Barbeque, burgers, and ribeye steaks…you dream of making these on your own patio, but which grill should you invest in? Walking into any home store can be overwhelming and you don’t want to come home with the wrong setup for your wants and needs. Here are tips for choosing the right grill.
First things first, decide what you really want a grill for. Is it only going to be utilized in the summer and for special events? Or as an appliance to be utilized all year long? Don’t buy more grill than you need. Also, decide on your budget. There are three price ranges for grills-basic, mid-priced and high-end.
The basic category is aptly named as these grills are best for beginners, those who don’t cook as much, and those who don’t want any “extras”. A basic grill’s costs are $100-$199. The mid-priced grill is for most outdoor cooks. They can come with additional features such as fuel gauges, stainless steel or coated cast-iron gates, and side burners. The price range for these is $200-$499. High-end grills are for big parties and for serious cooks. They are stainless steel and can accommodate cooking for 15 people or more. To purchase a higher end grill, get ready to spend anywhere between $500-$1500.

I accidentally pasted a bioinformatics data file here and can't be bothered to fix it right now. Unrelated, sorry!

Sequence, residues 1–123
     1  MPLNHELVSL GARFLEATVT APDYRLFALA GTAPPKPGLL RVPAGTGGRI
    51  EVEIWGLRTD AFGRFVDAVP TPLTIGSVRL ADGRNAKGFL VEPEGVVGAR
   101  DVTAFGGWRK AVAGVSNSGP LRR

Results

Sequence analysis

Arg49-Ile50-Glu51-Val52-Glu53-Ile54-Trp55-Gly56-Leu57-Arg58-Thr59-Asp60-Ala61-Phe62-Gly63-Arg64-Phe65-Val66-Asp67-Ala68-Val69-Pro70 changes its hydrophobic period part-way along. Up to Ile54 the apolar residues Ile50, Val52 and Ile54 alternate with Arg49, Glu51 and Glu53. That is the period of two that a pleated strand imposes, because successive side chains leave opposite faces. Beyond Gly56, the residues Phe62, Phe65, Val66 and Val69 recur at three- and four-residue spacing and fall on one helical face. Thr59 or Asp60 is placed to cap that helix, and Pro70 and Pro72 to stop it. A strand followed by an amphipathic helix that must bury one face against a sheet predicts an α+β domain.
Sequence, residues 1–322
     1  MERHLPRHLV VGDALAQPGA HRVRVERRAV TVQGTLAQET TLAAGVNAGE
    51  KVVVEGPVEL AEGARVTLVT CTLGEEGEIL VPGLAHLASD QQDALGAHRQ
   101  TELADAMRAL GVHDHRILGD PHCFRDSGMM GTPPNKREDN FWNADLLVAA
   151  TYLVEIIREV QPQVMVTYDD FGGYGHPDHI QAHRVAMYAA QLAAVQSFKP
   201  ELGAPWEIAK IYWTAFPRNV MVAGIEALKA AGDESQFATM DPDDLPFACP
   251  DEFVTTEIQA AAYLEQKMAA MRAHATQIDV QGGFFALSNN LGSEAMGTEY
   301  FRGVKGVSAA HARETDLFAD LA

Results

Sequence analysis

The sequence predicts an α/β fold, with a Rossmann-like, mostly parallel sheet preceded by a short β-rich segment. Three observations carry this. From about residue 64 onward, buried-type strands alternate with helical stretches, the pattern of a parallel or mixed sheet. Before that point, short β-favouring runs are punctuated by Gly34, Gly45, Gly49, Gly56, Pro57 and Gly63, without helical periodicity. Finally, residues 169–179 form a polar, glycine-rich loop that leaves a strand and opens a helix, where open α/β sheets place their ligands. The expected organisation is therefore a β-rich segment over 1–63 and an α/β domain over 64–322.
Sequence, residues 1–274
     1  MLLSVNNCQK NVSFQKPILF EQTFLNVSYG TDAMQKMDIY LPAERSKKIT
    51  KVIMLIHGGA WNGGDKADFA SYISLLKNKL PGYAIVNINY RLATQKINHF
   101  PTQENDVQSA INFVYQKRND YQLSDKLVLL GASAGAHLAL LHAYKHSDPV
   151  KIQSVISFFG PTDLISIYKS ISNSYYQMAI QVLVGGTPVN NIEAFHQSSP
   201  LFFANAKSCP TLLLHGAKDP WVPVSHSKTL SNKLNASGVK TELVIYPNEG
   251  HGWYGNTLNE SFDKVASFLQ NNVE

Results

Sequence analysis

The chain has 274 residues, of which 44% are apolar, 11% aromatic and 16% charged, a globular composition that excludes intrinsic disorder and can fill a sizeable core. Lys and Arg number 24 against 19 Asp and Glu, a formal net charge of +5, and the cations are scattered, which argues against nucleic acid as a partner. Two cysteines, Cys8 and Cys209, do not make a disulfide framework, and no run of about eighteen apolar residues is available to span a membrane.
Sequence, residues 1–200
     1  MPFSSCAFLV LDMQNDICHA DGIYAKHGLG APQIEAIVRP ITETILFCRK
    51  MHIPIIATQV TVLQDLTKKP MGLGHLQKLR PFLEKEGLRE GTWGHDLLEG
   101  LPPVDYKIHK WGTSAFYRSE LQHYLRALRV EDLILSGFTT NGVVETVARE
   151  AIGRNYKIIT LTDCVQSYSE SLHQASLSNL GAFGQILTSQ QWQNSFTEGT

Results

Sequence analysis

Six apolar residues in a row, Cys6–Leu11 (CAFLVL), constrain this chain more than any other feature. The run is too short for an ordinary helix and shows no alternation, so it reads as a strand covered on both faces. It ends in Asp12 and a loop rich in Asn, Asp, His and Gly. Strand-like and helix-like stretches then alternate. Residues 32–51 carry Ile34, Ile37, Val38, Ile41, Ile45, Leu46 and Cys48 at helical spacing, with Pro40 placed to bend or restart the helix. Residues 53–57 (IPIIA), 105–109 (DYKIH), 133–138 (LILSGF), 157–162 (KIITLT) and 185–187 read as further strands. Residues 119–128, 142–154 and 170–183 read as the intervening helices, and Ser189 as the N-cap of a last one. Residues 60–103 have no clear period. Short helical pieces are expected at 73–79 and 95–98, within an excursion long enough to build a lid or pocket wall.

The next question-gas or charcoal? Depending on who you ask, there is not right or wrong answer. Gas grills are easier to cook with but you sacrifice the smoky taste you get with a charcoal grill. If you use a charcoal grill, do not soak the charcoal in lighter fluid. You don’t want your food to taste like butane. Gas grills are fast to heat and easy to clean and are less harmful on the environment. Charcoal grills emit more carbon monoxide, particulate matter, and soot into the atmosphere.
When out shopping, mess with the floor models. There are simple tests to see if the grill is safe and can withstand usage. Find out if the grill is sturdy by wiggling it. If it doesn’t “wiggle” it’s solid, if it does, you may not want to put it on your porch or patio. Count how many wheels it has and if it has plastic or wooden handles. They do not get as hot as metal ones. What is the drainage system like? See if it siphons off grease easily, preventing flare ups. When asking about warranties, do not settle for anything less than 10 years.